You’ve been working hard, and your accomplishments are beginning to stack up. Anyone can see that.

But despite your impressive performance, you’re finding that you’re not exactly popular among your co-workers. And the promotion you expected did not happen.

What’s going on?

Are You Connecting? Or Conflicting?

Well, let’s take a look at your communication skills. You’re likely making a mistake or two.

Not the kind that outright get you in the doghouse. You’re smart enough to stay away from off-color jokes, racially biased comments, or being overly talkative during a meeting.

I’m talking about the kind of communication habits that prevent you from really connecting with people.

Every time you interact with someone, you have the opportunity to connect or conflict.

And while a missed connection doesn’t always result in outright conflict, you can end up in a neutral zone that eventually affects their evaluation of you. Like at promotion time.

We’d like to think that our accomplishments speak for themselves, but that isn’t always the case. Effective communication with the people at work can make the difference when it comes to how you’ll be spending the next year or two.

So, connect or conflict. The choice is yours.

How To Connect With People at Work

Here’s a three-step process to help you make better connections at work.

Step 1: Recognize that people have different communication styles

The clues to a person’s communication style are in their observable behavior – their body language, posture, tone, pace, inflection, volume, and their choice of words.

Your fast-paced, loud-talking boss who confidently leans in and always makes direct eye contact has a different communication style than your quiet-toned, relaxed, non-emotional co-worker who leans back in his chair during a conversation.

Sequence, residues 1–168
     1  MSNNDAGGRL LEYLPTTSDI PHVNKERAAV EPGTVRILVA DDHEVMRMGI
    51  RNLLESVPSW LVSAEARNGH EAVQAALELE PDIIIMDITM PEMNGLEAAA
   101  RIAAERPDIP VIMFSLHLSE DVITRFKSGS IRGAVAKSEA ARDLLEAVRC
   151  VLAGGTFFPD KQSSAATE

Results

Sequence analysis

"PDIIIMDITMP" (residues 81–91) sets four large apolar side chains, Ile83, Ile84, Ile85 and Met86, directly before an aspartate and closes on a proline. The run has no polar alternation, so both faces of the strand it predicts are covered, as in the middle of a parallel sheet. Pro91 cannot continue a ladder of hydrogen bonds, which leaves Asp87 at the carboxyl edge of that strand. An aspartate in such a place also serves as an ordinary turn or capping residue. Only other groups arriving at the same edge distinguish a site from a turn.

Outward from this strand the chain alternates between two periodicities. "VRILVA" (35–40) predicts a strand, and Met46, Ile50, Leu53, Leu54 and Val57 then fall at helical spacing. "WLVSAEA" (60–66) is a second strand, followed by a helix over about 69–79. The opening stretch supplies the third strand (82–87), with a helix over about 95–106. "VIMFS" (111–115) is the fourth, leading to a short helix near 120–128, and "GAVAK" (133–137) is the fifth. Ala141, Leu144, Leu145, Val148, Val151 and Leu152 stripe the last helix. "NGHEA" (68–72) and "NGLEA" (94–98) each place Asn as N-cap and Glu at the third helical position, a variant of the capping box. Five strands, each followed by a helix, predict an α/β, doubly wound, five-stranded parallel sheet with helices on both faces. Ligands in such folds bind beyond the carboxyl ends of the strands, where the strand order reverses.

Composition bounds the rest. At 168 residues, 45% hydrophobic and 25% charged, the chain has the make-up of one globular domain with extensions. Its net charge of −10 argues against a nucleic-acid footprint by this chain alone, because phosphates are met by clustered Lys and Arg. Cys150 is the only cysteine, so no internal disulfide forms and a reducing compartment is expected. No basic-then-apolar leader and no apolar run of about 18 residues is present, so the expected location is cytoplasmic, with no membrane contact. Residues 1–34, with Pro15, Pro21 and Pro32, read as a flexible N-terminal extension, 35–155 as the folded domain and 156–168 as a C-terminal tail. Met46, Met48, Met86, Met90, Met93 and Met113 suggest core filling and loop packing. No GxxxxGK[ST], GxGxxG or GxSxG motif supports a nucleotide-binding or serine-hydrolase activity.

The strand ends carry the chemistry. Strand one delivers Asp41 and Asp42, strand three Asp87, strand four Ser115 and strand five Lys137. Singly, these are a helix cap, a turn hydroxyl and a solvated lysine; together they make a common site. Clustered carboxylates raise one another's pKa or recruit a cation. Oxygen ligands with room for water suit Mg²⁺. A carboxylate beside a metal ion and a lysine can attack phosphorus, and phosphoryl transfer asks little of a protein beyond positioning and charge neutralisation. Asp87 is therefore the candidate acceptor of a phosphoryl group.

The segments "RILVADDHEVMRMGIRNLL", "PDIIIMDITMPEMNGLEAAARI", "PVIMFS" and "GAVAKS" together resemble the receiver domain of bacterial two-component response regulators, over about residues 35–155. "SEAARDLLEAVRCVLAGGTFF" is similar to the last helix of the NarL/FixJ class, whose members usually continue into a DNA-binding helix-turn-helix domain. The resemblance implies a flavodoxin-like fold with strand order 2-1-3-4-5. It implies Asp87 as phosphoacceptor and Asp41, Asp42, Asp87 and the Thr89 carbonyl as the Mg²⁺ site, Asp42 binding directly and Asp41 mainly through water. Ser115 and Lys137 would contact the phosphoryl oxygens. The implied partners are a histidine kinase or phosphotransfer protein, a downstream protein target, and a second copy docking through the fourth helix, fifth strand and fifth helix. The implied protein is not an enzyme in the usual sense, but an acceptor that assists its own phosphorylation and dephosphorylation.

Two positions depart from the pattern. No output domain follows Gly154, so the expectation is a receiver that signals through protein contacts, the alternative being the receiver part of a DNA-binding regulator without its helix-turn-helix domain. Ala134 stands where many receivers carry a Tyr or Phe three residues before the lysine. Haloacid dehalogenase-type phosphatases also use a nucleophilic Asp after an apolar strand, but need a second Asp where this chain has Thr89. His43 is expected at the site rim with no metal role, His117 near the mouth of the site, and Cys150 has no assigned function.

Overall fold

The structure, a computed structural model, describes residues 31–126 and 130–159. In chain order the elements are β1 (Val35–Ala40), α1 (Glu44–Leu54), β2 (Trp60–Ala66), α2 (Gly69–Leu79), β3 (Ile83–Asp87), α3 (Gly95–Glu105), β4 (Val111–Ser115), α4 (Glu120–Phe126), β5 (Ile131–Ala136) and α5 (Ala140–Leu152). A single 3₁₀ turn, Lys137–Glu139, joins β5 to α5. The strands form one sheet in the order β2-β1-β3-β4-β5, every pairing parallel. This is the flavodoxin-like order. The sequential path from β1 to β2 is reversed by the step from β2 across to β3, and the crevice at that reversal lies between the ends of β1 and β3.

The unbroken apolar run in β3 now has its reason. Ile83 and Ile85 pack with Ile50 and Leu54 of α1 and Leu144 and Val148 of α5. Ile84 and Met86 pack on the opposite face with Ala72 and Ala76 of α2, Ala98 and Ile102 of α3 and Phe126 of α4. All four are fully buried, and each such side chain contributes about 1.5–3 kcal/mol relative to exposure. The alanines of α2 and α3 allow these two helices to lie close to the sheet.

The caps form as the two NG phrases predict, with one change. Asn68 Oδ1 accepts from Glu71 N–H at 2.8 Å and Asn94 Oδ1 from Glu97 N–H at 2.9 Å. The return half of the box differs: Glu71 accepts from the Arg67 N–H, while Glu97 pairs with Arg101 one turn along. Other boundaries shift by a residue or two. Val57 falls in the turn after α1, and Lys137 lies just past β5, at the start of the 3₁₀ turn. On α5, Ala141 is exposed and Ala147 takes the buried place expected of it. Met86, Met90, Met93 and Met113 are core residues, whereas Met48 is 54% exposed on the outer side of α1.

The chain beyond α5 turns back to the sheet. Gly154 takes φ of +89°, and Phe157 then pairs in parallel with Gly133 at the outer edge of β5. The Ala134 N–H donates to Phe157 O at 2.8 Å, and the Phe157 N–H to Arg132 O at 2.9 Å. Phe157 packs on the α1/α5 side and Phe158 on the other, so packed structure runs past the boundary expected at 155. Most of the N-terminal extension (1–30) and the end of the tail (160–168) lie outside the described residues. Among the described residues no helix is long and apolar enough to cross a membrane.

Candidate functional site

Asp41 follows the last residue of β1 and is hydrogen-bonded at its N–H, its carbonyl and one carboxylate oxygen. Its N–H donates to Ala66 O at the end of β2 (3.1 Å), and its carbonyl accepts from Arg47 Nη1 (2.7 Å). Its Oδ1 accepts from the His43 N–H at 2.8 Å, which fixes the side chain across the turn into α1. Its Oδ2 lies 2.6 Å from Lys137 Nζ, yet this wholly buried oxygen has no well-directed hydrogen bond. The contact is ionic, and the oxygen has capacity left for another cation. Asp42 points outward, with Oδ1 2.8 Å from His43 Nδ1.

You’ve probably already noticed how different they are.

But did you know that if you come on strong, use big hand gestures, and speak forcefully with both of these people, it’s likely that one of them will see you as a decisive go-getter, while the other labels you tactless and aggressive?

So notice the different styles displayed by the folks at work. They matter.

Step 2: Understand that people have different goals, reactions & perceptions

Some of us are task oriented, while others prefer to focus on people. Some folks have a need to follow rules and procedures while others want to be in charge.

While these differences aren’t visible by the observable behaviors mentioned above, they do affect a person’s communication preferences. If you interact with them enough to determine “I just don’t get that guy!” then your perceptions of the world are likely on opposite ends of the spectrum.

Understanding that the folks at work have different goals, reactions, and perceptions than you do puts you one step closer to making a connection.

Step 3: Speak Their ‘Language’

Once you’ve identified the differences between you and your fellow communicator, you’ll know if you need to adapt your style at all.

You might choose to speed up or slow down your speaking pace. Maybe you should increase or decrease your volume. Perhaps you’ll decide to immediately ask about results and deadlines. Or maybe you’ll choose to chat a bit first about how your teammate feels things are going.

Yes, it takes some effort. Maybe even a little planning.

But if you consider, recognize, and adapt your differences when interacting with your boss or a co-worker, you’ll improve your connection with them.

And next time, you’ll get that promotion.

Image courtesy of pasukaru76